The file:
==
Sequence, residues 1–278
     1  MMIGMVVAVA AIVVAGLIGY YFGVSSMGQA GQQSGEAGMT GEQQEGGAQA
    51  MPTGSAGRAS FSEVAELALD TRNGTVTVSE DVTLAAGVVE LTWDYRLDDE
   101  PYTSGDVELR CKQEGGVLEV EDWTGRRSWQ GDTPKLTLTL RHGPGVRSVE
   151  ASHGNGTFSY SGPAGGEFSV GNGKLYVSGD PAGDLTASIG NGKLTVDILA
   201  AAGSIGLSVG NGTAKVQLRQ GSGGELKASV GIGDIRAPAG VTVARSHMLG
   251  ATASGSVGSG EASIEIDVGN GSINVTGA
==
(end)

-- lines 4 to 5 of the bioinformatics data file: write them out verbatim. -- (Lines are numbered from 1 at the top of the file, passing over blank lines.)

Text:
   101  PYTSGDVELR CKQEGGVLEV EDWTGRRSWQ GDTPKLTLTL RHGPGVRSVE
   151  ASHGNGTFSY SGPAGGEFSV GNGKLYVSGD PAGDLTASIG NGKLTVDILA